Skedsheet Blog

Where we talk about the product, calendars, organization, and business

How do you price an online service?

with 2 comments

Look K-mart is having a sale by cosmic kitty - http://www.flickr.com/photos/cosmickitty/26455651/ Although we’re still deep in the development phase of skedsheet, we need to start thinking about how pricing should work.  We can’t blindly spend money on building a product if there’s no hope we’ll ever get it back

We’ve got lots of choices to make, all with pros and cons.

Free

It would be great to make an awesome product that provides lots of value to tons of people and give it away for free.  We discussed this option  – to use skedsheet as a marketing strategy to get the word out about JobTracker. 

Once we started flushing out skedsheet, it looked like by going downmarket, we could actually appeal to a much wider audience than our existing job management software – which has been construction subcontractors.  And it would be great to have a product that appeals to a broader market.

Since we’re a business, we also need to make money in order to pay for ongoing development, infrastructure, marketing, and support – everything that it takes to make valuable scheduling software rather than just a marketing gimmick.

I guess we could have free ad-supported skedsheet, but I’m not sure if that’s appropriate.  Even though it works for some people, I think that’s the minority… and I don’t understand how we’d do it, either.

pro: As a consumer, I love free stuff.
con: Love won’t pay the bills.

Subscription service

A  paid subscription service could be the best way for us to make skedsheet a viable product.  This way we won’t have expenses related to new customers (support, servers, new feature development) until we have the revenue to actually pay for them.  As we’ve seen with JobTracker, which is really “enterprise” software, these costs can be substantial and we shouldn’t underestimate them.

As the internet has gotten more popular and people feel comfortable putting their businesses and personal lives online, the concept of paying for a monthly service that gives you ongoing value happens all of the time.  For example – our phone system is an online monthly service, you can do your accounting as a monthly service, and we use an online service for feedback forms on our website.

The downside of requiring people to pay before they get started is that we need to have a great sales pitch.  This could be as simple as a website with videos that answer every possible question a customer could have.   But if we’re going to charge upfront for software intended for a non-technical audience, we would have to sell.  And that probably means having a salesperson to answer questions and do demos.

pro: Don’t go into the red more with every new customer.
con: Need to sell, would prefer to avoid that.

Freemium

So maybe the right answer is to have free version of skedsheet that lets people try it, then make it easy and useful to upgrade to a paid version.  I like the try-before-you-buy approach – but if we’re going to provide it, we need to ensure that it’s completely obvious how to get started.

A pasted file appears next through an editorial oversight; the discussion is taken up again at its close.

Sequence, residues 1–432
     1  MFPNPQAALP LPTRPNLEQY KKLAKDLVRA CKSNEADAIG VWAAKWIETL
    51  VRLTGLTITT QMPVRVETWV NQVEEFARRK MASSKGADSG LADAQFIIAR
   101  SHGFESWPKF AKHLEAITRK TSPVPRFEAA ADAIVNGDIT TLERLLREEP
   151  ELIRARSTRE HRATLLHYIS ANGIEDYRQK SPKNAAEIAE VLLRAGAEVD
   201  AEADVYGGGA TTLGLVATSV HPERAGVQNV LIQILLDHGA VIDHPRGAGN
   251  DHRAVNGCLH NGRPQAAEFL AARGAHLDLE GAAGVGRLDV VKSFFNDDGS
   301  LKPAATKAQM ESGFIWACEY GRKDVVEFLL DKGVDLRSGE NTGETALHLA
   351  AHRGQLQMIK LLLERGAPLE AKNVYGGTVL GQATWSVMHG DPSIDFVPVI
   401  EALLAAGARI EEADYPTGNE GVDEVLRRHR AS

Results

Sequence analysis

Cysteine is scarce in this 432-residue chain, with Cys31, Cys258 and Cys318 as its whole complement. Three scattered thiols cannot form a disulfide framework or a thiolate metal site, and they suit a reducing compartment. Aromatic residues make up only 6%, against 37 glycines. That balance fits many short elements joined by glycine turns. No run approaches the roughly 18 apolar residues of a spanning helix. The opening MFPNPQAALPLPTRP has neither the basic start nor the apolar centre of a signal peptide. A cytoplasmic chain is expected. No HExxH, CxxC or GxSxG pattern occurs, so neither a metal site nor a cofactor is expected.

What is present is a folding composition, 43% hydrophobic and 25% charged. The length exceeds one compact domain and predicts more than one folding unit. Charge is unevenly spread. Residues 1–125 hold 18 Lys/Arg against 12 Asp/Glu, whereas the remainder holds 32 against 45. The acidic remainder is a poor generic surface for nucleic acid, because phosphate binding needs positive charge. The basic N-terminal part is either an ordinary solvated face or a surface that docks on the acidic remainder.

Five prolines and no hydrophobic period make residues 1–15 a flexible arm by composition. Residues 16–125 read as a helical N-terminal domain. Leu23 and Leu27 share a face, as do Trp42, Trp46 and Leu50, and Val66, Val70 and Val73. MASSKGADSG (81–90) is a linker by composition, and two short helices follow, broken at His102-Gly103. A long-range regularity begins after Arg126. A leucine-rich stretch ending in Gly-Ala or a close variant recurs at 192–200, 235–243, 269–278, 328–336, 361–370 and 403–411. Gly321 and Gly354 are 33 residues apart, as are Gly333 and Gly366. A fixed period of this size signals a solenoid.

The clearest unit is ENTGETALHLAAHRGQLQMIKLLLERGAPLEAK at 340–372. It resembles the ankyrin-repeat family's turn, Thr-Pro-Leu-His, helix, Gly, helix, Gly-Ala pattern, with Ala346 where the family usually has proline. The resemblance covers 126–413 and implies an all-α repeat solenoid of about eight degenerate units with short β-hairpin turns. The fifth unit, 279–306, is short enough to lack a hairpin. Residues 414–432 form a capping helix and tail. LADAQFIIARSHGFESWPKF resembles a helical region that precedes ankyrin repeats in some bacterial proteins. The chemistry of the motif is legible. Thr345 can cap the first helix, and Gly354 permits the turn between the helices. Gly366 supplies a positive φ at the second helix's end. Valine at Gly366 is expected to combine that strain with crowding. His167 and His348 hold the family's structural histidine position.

This means that when you first log in, you know where to click if you want to import a spreadsheet, create your own, or maybe even use a template of some popular calendars or spreadsheets from other people (is that enough?).  There’s a lot of work to be done here before we know if it’s possible to make easy enough.

Once you’ve tried it out for free – and maybe even used the free version for a while, there will be a compelling reason to pay – maybe having multiple skedsheets, more users, or some extra features.  You won’t give us money until you know it’s the right thing for you.

pro: There’s a path to revenue.
con: Needs to be drop-dead simple.

I’m sure there are lots of other options (lifetime subscriptions, shrink-wrapped software purchase, user licensing, reseller deals).  The freemium approach seems like it plays to our strengths – product development, listening to users; while minimizing the impact of where we’re not quite as strong – aggressive sales, blanketing the universe with marketing.  It feels like it’d be good to give away something that can ultimately sell itself.

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Written by Harry Hollander

March 9, 2009 at 7:42 am

Posted in Uncategorized

2 Responses

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  1. Hey, Harry, long time, no see!

    What does the competition look like?

    If somebody else is already providing comparable quality to your offering, it seems like you are extremely unlikely to come in afterward and make any money in a more expensive position.

    If you’re the only game in town, and you have a strong product, the subscription route (possibly with a free teaser to hook them) could work great.

    – Tim.

    Tim Broberg

    March 9, 2009 at 11:57 am

  2. Thanks, Tim! While we’re not the only game in town, I think we have a narrowly-defined problem that we can solve really well.

    I’ve got my eye out for competition… but so far it seems that our twist on the solution is just a little different.

    I hope that means that there’s value that folks will pay for.

    Harry Hollander

    March 9, 2009 at 8:39 pm


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